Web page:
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Whipple Peck, Jr.

Researcher: Paul Marzoratti


          Whipple Peck, Jr. was born as the son of Whipple Peck and Rosallana Harris, in Rhode Island. Most of Whipple’s family lived in Rhode Island. Solomon Peck, his grandfather, from Wrentham, Massachusetts, married Philadelphia Whipple from Providence, Rhode Island. They had about eight children, one of which was Whipple’s father, Whipple. He married Rosalina Harris and had two children, Whipple and Russell. Russell, his brother, stayed in Rhode Island and got married to Olivia Ann Whipple.

          Whipple Peck, Jr. married Marion Burr and lived in Franklin on School Street. They brought life to their son Albert E Peck in Vermont in 1865. In the their household also lived Marion’s father, Nathan Burr, at the age of 78. Their household was a very normal household. Whipple worked as a Straw Hat Presser, his wife stayed at home, his son Albert went to school, and his father in law also stayed at home due to his old age. When his son got older he moved to Framingham, Massachusetts.

          When the Civil War came around, Whipple enlisted with the 1st Regiment, Rhode Island Cavalry. The regiment lasted from December 14, 1861 to August 2, 1861. During the spring of 1861 First Rhode Island Infantry was mustered into service by order of Governor William Sprague, and was to be led by Colonel Ambrose Burnside. Their duty was to protect Washington DC. When they arrived to Washington DC, they spent their first night at the Naval Yard, then they were moved temporarily to the U.S. Patent Office located on "8th" and "F" Streets. Soon they were moved again to the camp that would bare their governors name "Camp Sprague.” One Officer and Sixteen enlisted men were killed and mortally wounded and two Officers and 77 enlisted men die by disease a total 96.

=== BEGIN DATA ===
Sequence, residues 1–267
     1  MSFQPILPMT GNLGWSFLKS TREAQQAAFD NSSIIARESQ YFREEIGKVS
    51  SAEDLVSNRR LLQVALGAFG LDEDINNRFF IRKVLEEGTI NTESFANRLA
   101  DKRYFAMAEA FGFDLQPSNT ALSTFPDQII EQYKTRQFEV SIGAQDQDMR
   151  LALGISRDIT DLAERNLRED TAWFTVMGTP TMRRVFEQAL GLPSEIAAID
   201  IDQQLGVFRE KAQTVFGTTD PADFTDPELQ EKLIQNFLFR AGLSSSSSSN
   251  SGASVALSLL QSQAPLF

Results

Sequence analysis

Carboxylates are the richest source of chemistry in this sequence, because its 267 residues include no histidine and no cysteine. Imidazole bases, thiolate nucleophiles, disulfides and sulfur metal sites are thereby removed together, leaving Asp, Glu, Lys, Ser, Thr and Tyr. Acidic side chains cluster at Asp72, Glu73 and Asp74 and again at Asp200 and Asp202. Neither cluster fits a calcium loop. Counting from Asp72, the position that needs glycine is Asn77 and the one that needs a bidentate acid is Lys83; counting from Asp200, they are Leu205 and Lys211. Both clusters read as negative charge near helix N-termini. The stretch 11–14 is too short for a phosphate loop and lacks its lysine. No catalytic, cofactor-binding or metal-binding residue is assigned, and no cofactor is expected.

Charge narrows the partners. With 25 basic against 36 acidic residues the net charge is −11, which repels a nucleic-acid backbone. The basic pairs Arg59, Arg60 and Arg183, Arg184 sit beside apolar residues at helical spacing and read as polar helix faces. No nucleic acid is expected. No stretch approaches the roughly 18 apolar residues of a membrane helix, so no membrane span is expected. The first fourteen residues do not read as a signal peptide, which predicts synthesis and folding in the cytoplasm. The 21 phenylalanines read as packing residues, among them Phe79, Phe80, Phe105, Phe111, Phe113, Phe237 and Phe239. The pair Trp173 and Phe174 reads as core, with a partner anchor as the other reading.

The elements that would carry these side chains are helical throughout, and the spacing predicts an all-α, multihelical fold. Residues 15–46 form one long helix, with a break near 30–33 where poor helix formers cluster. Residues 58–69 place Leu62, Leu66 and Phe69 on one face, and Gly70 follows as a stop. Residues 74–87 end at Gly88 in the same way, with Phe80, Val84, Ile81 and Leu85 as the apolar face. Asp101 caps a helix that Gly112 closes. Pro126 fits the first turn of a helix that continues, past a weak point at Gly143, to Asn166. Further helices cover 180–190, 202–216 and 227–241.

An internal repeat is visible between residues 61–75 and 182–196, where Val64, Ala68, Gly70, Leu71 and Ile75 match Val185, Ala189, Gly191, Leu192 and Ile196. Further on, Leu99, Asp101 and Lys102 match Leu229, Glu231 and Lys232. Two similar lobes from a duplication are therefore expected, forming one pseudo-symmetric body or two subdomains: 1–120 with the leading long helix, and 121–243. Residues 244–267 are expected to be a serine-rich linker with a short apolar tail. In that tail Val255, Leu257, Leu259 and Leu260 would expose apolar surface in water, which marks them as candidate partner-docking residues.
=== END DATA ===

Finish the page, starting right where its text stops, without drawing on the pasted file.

The 1st regiment of Rhode Island, infantry, took part in the famous battle at Bull Run. They left Washington at 3 p.m. on Tuesday, July 15. They stayed that night at Annandale and occupied Fairfax Court-House; they remained there that Wednesday. The next day they proceeded to Centreville, where they would stay until Sunday morning, July 21, where the whole Army got ready to fight. They went to Manassas where the battle would begin and the river of Bull Run.

          The battle at Bull Run looked like it would be a very easy win for the Union. General Irvin McDowell was leading the union. In the beginning the Union fought off the Confederates for most of the day. But later that day the tables turned and they lost the battle on General Thomas J Jackson counter attack. The battle resulted with the Union gathering 1,000,000 men to fight back in revenge. The 1st regiment of Rhode Island was soon all sent home. Whipple was discharged of participate due to wounds that he had.

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